The team at Honda Indonesia have been watching the scene closely and for 2017 have launched a new initiative to help foster some of the countries most talented builders. We spoke exclusively with PT. Astra Honda in Indonesia and one of the projects contestants, Yuwono Jati of ‘Lunatic Inc, about the ‘Honda Dream Ride Project’ and the motorcycle they built.
What was the idea behind the Honda Dream Ride Project?
PT. Astra Honda: The Honda Dream Ride Project was created to give 3 up and coming Indonesian builders a chance to modify the all new Honda CBR250RR under the guidance of industry professionals. Each of the 3 builders were champions from our 2016 build-off events and included Yuwono Jati of ‘Lunatic Inc’ in Jakarta, Peterson Rvai of ‘Zone Modified’ in Bandung and Budi Setiawan of ‘Gadang Cycles’ in Bali.
PT. Astra Honda presented each of the 3 builders with an all new CBR250RR, a 3-month timeframe and a limited budget to work with. They then completed their builds under the guidance of Kaichiroh Kurosu from Cherry’s Company in Japan, Hiroyuki Miyazaki from the Honda Motorcycle Research and Development Centre in Japan and Andhika Arthawijaya of Motor Plus Tabloid in Indonesia.
How did the participants and their mentors collaborate on the builds?
PT. Astra Honda: The participants of Honda Dream Ride Project received hands on advice on how to design and modify a motorcycle such as the new Honda CBR250RR. The training sessions helped them to become familiar with the design of Honda CBR250RR, which is surprisingly easy to modify so they could begin planning their own custom build. They then learned how to translate and implement their concepts first hand on the CBR250RR. The mentors showed them how to work with a timeline, gave guidance on the use of different fabrication materials, showed how to achieve design precision and advised them on all of the technical aspects associated with customizing the Honda.
Honda Dream Ride competitor Yuwono Jati established his ‘Lunatic Custom Motorcycle’ workshop in 2013. Like many custom builders, the 30-year-old turned his passion for building custom bikes into a career. In 2014 he got his first break when his custom Honda Scoopy earned him the title of national champion. Then in 2016, his first place win in the Honda Cub/Sport Category at the ‘Honda Modif Contest’ secured him his place in the Honda Dream Ride Project.
Where did you find inspiration for your “Neo Cafe Racer” concept?
Yuwono: I have been watching the café racer scene for a long time and wanted to modify the new CBR250RR using a modern café racer styled concept. I wanted to create something different that I hoped would inspire others. A new, modern cafe racer that would blend old styling with Honda’s modern engineering.
I then worked with the Honda Motorcycle Research & Development Centre team in Japan and Honda Indonesia to develop my design. It was important that my modifications were safe and that the bike would be comfortable to ride, thankfully the Honda CBR250RR was easy to modify.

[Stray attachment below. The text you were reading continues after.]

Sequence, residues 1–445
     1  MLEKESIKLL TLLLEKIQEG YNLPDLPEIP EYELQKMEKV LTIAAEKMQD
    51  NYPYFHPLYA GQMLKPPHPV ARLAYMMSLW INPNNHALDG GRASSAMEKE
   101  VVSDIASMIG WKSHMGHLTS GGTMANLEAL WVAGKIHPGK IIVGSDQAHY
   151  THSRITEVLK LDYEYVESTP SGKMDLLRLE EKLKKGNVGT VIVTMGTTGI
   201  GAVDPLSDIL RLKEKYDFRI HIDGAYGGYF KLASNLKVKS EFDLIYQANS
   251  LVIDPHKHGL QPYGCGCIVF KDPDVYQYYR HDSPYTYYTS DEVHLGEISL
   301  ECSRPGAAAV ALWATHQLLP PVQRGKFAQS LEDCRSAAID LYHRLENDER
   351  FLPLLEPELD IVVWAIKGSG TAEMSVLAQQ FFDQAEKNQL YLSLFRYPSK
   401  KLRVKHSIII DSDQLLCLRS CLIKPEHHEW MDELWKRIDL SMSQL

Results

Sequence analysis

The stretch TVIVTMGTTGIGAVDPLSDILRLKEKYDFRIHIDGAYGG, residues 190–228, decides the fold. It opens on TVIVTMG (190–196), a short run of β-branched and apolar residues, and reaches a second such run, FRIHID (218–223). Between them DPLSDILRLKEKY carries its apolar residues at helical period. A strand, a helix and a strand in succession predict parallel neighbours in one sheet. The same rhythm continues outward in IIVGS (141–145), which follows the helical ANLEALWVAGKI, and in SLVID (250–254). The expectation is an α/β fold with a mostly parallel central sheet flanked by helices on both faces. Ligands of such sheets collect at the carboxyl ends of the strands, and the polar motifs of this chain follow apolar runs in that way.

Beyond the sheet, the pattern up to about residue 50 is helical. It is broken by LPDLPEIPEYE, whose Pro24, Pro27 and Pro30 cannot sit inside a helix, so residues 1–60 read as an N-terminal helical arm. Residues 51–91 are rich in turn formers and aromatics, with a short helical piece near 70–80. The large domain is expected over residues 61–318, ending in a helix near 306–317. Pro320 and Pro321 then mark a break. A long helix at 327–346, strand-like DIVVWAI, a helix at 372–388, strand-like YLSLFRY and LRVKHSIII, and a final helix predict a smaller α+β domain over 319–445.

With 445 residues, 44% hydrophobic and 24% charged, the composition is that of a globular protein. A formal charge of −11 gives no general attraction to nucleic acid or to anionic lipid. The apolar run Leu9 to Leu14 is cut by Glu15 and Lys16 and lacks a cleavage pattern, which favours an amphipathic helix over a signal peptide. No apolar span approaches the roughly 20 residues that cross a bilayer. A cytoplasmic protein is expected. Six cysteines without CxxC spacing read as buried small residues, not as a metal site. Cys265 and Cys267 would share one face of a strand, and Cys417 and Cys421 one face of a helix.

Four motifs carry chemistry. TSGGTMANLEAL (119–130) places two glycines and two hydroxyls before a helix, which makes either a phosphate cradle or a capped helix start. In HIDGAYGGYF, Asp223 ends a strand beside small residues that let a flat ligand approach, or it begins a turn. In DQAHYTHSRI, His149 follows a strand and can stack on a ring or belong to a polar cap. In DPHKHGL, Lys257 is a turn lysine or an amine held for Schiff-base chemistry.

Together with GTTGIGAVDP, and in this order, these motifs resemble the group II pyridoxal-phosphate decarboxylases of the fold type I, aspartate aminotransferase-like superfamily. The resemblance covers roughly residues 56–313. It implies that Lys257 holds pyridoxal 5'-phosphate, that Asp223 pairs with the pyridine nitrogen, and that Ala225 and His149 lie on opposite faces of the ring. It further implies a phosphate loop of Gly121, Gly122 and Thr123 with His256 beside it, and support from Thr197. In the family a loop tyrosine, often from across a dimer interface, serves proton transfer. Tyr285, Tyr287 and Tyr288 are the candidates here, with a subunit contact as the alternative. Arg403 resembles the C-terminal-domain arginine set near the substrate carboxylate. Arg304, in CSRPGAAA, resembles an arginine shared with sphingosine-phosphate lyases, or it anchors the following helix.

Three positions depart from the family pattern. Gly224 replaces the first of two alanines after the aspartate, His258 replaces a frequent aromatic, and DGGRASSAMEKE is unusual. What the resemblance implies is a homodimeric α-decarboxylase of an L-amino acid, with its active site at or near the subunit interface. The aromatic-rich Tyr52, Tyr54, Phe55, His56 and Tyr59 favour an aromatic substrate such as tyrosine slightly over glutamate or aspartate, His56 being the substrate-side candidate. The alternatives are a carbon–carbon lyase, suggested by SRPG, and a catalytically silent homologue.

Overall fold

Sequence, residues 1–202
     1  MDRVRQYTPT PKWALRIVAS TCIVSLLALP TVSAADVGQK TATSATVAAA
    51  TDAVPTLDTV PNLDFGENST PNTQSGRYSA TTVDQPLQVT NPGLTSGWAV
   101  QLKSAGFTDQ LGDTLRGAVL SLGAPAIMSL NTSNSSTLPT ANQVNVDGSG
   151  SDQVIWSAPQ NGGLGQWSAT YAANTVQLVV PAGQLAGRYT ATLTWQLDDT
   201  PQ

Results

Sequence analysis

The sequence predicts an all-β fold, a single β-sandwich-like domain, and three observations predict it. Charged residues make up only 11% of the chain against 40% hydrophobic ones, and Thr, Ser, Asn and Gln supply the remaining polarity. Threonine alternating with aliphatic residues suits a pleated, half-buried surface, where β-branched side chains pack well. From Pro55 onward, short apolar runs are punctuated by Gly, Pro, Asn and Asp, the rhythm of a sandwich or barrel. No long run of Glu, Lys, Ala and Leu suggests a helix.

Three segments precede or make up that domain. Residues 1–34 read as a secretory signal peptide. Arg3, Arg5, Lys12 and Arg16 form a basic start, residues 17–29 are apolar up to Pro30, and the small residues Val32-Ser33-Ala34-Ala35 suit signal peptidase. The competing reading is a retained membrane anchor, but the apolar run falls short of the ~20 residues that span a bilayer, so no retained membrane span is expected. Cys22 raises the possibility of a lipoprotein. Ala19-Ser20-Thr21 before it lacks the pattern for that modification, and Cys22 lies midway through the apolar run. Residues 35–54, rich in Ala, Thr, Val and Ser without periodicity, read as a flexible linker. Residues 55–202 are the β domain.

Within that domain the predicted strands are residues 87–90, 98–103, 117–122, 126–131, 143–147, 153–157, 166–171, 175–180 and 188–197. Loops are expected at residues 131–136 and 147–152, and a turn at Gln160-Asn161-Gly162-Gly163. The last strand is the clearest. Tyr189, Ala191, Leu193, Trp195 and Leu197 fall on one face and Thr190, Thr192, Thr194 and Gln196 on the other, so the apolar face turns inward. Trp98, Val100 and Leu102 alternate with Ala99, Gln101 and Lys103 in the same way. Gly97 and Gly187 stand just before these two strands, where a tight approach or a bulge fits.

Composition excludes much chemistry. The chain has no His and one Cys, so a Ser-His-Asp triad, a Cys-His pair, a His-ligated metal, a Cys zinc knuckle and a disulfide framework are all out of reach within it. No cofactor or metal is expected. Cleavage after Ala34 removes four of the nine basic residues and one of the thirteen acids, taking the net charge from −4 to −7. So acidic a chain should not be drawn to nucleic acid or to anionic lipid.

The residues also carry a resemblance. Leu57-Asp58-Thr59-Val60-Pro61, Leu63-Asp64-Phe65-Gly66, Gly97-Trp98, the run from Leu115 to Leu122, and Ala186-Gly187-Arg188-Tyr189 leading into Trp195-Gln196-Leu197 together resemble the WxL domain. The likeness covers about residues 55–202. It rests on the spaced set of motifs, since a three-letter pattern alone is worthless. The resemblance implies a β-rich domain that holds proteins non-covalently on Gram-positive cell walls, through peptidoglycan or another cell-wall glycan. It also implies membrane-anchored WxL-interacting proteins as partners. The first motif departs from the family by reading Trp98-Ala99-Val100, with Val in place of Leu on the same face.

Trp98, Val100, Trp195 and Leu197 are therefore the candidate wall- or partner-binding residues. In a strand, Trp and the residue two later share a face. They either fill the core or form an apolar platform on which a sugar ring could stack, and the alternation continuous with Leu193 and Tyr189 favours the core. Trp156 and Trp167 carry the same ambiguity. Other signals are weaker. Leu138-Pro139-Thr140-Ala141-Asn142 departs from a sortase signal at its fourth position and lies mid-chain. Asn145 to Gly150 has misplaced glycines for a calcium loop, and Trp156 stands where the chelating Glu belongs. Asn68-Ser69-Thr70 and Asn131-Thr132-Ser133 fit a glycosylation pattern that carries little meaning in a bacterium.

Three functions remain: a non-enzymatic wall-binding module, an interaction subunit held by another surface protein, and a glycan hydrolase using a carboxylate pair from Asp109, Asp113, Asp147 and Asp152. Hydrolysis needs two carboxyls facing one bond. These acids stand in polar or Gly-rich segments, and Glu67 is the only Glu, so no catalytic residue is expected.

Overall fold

Can you walk us through some of the work you did to the CBR250RR to realize your concept?
Yuwono: I constructed my redesigned bodywork using 1.2 mm galvanized plate and shaped polished aluminum covers for the fairing and fuel tank. I mixed modern components with my classic design to improve safety such as the Daymaker headlamp and used classically styled, modern compound Firestone tires. Because the CBR250RR uses a very modern looking aluminum swingarm I also designed and fabricated a tubular swingarm that matched the parts of the frame I had exposed. I also swapped the stock 17-inch cast wheels with 18-inch aluminum spoked rims which I laced to ventilated disc hubs from a CBX550F that have the appearance of classic drum brakes.
Other custom changes I made include the custom taillight, red diamond stitched leather seat, covers for the radiator, bar end mirrors and the bikes classic white and red paintwork. I also created a custom exhaust system from stainless steel that runs under the seat and out through vents in the side of the tail unit.
What was the most challenging part of the build for you?
Yuwono: The most challenging part of the project was working with Hiroyuki Miyazaki who was directly involved with the making of original Honda CBR250RR. Finalizing my concept and presenting it to him was a big task. My design needed to enhance the already strong image of the Honda CBR250RR. I also had to ensure the bike would work well. After the project was finished we rode them for 2 days visiting famous landmarks around Yogyakarta. I put my bike to the test over 500kms and it performed well!
Up until only a few years ago, the Indonesian custom motorcycle scene was relatively unknown. Thankfully due to events like Jogjakarta’s Kustomfest all that has changed. I’ve been lucky enough to visit that show and several workshops around Indonesia. Many of the builders work in spaces no bigger than your average bedroom, have access to limited parts and their skills are almost always self-taught. Despite those barriers, their custom creations are on-par with the motorcycles coming out of America’s best-known workshops.